Hammertime Day 10: Murphyjitsu

Link post

This is part 10 of 30 in the Ham­mer­time Se­quence. Click here for the in­tro.

Like, so pes­simistic that re­al­ity ac­tu­ally comes out bet­ter than you ex­pected around as of­ten and as much as it comes out worse. It’s ac­tu­ally re­ally hard to be so pes­simistic that you stand a de­cent chance of un­der­shoot­ing real life.

Later in the day I will put up an open thread about the first cy­cle of Ham­mer­time.

We finish up the first cy­cle with an­other post on plan­ning. Mur­phyjitsu is CFAR’s method for plan­ning which asks us to try to be so pes­simistic as to un­der­shoot real life.

Day 10: Murphyjitsu

Mur­phy’s Law states that any­thing that can go wrong will go wrong.

For our Man­darin-speak­ing read­ers, here’s a use­ful mnemonic: Mur­phy transliter­ates as 墨菲 (mo fei), which is ho­mophonous to 莫非, “what if?” That’s why I think of Mur­phy’s Law as the What If Law.

In the course of mak­ing plans, Mur­phyjitsu is the prac­tice of strength­en­ing plans by re­peat­edly en­vi­sion­ing and defend­ing against failure modes un­til you would be shocked to see it fail. Here’s the ba­sic setup of Mur­phyjitsu:

  1. Make a plan.

  2. Imag­ine that you’ve passed the dead­line and find out that the plan failed.

  3. If you’re shocked in this sce­nario, you’re done.

  4. Other­wise, simu­late the most likely failure mode, defend against it, and re­peat.

The first im­por­tant sub-skill of Mur­phyjitsu is In­ner Sim – the abil­ity for Sys­tem 1 to simu­late failure modes.

In­ner Sim

I have the sus­pi­cion that ev­ery­one is se­cretly a mas­ter at In­ner Sim, the abil­ity to in­stantly simu­late failure. Imag­ine a friend de­clares to you their New Year’s Re­s­olu­tion: to write a novel, to go on a keto diet, to write a month-long se­quence on in­stru­men­tal ra­tio­nal­ity.

Now, listen for that in­ter­nal scoffing – your Sys­tem 1 in­stantly pro­lifer­ates the fu­ture with all man­ner of ob­sta­cles. That’s In­ner Sim at work.

If you’re any­thing like me, In­ner Sim is bet­ter at pre­dict­ing other peo­ple’s failure modes than your own. The men­tal move that helps ap­ply In­ner Sim in­tro­spec­tively is es­sen­tially Out­side View: take your plan and imag­ine an­other per­son made them. What will go wrong?

Welp Mentality

In­ner Sim does sur­pris­ingly lit­tle on its own.

I had a con­ver­sa­tion with a ra­tio­nal­ist friend (let’s call him “Alex”) that went some­thing like this:

Alex: What’s both­er­ing you?

Me: I’ve been ter­ribly un­pro­duc­tive. I’m pro­cras­ti­nat­ing on fel­low­ship es­says … they’re due in two weeks, and ev­ery time I think about math these es­says pop up in my head.

Alex: Why?

Me: I es­sen­tially finished them, but I still have to edit it. Copy-edit­ing is so te­dious, and ev­ery run I make through my writ­ing, it looks even more awk­ward than it did the pre­vi­ous time.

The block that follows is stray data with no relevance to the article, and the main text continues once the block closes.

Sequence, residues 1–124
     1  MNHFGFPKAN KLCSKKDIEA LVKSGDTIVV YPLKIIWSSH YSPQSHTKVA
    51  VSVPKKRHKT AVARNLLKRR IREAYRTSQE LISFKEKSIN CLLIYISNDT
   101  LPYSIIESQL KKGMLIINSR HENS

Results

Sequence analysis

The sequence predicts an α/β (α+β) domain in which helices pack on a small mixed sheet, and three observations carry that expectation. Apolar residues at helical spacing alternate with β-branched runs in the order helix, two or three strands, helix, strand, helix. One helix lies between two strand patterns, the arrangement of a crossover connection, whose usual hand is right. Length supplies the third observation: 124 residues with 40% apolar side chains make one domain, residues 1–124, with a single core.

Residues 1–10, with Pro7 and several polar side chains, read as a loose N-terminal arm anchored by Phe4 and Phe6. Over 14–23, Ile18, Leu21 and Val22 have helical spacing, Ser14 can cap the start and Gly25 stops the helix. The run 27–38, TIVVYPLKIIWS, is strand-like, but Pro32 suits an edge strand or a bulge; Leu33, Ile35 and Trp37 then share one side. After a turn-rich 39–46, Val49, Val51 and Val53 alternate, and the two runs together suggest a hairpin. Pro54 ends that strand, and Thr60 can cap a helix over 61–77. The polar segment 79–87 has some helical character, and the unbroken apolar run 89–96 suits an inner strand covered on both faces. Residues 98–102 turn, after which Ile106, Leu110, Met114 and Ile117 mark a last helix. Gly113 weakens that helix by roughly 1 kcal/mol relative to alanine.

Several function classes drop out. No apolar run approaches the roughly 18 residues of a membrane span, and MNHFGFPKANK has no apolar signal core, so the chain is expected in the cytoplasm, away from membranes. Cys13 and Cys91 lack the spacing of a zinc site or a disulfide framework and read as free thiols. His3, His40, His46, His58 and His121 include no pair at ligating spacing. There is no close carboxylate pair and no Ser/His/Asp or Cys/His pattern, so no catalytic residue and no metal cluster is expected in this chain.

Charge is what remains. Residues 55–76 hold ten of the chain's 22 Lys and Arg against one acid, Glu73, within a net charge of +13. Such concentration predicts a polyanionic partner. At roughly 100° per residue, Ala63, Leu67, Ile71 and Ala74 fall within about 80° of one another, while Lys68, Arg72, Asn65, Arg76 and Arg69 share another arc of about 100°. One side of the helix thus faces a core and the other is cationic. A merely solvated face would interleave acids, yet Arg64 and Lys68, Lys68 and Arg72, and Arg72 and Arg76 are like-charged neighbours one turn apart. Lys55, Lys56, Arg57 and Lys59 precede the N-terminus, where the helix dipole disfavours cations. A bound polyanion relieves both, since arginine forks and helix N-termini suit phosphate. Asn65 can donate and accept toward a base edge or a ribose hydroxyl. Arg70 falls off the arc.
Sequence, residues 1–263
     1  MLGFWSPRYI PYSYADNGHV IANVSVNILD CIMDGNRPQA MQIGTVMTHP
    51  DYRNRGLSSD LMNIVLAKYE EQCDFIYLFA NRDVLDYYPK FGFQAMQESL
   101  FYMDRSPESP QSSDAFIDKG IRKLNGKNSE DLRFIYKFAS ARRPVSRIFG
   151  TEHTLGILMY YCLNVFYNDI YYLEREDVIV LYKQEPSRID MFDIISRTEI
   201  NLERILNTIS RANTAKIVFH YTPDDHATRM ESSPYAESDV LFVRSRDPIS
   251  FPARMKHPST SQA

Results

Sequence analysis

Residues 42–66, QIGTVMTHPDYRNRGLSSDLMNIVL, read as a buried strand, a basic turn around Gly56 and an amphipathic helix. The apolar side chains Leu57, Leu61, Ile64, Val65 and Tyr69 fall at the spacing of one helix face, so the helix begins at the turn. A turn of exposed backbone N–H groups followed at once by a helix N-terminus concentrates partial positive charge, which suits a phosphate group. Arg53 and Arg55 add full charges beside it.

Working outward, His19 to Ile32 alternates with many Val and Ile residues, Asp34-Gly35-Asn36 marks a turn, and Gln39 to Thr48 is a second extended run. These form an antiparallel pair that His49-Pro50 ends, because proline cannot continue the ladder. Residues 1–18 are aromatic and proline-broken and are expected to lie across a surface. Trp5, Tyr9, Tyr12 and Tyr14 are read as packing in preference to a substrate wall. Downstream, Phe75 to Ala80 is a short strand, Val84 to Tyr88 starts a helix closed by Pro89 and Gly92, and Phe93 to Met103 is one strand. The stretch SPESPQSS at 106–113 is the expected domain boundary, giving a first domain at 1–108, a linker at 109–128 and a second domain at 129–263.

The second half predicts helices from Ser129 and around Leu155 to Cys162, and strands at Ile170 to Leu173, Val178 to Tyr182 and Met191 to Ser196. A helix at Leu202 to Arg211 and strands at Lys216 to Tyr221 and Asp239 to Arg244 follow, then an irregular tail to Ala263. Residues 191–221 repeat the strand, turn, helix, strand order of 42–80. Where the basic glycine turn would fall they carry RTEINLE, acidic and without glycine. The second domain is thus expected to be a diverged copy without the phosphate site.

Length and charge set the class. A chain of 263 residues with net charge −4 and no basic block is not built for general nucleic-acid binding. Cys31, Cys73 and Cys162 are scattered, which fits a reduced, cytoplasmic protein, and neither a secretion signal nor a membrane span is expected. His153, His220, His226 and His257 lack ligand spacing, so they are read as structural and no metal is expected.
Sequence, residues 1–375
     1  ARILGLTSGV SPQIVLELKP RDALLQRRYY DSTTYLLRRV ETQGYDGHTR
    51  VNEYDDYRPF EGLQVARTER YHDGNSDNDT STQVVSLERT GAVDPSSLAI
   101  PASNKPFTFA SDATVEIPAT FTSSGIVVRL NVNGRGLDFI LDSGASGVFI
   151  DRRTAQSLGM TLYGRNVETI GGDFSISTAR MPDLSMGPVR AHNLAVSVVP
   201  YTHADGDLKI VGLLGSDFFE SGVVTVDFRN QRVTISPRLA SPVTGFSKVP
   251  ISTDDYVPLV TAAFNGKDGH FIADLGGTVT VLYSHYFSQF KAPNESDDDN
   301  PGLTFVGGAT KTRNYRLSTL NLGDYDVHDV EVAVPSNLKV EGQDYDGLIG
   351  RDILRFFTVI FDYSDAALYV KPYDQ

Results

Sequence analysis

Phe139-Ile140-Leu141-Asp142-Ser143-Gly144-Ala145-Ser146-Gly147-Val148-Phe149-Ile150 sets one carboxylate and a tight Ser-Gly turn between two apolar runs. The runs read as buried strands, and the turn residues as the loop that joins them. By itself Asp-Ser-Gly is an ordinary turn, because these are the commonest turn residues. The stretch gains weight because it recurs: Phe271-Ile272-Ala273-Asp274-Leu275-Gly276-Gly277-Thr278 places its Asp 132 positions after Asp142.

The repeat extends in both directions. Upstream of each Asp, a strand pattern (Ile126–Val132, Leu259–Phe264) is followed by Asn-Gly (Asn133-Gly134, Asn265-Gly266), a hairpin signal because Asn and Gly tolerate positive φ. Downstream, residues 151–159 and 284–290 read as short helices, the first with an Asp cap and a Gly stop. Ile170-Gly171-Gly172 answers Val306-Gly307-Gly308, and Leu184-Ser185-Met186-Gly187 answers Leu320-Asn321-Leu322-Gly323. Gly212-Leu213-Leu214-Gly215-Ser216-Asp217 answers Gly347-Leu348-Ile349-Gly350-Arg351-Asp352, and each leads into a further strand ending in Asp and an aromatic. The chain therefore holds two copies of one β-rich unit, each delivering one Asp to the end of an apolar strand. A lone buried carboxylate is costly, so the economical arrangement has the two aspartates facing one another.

Alex: What do you pre­dict will hap­pen?

Me: Well … I’m go­ing to put the es­says off un­til two days be­fore the dead­line, edit for ten min­utes when I start feel­ing the pres­sure, and sub­mit them. Un­til then, I won’t get any re­search done.

Alex: So…?

Me (shrugs): Sucks, right?

Alex breaks down in laugh­ter.

I call this Welp Men­tal­ity. Welp Men­tal­ity is notic­ing that your plans are likely to fail catas­troph­i­cally, or run over­time, or take 10x as much effort as you thought, and then shrug­ging non­com­mit­tally. Welp.

Welp Men­tal­ity is know­ing and ac­cept­ing as a fact of life that ev­ery build will re­lease two months late. That you’ll end up half-ass­ing prob­lem sets and es­says start­ing mid­night be­fore the dead­line. That your cur­rent ex­er­cise plan will prob­a­bly pe­ter out. I had an old motto for Welp Men­tal­ity: “Due to­mor­row? Do to­mor­row.”

Murphyjitsu

Mur­phyjitsu is the as­tound­ing no­tion that if you can pre­dict a failure mode, you can do some­thing about it!

If your builds re­lease two months late ev­ery time, you can move the re­lease date, or cut fea­tures, or hire more en­g­ineers. If you know you’re only go­ing to spend six hours on a prob­lem set the night be­fore the due date, at very least you might as well just set a six-hour Yoda Timer for it, do it at a con­ve­nient time, and sub­mit what­ever you end up with.

In my fel­low­ship es­say case, I de­cided to spend ten min­utes edit­ing and sub­mit the thing im­me­di­ately. The re­lief of get­ting two weeks of my life back was pal­pable.

Pick a plan you have for the near fu­ture. Mur­phyjitsu it. Pull out all the stops: Ar­range so­cial pres­sure to keep you on track. Dou­ble the amount of time you spend. Set cal­en­dar and phone re­minders. Mur­phyjitsu only stops when you would be shocked if the plan fails.

Daily Challenge

Mur­phyjitsu a cen­tral life goal. Are there glar­ing failure modes you haven’t defended against?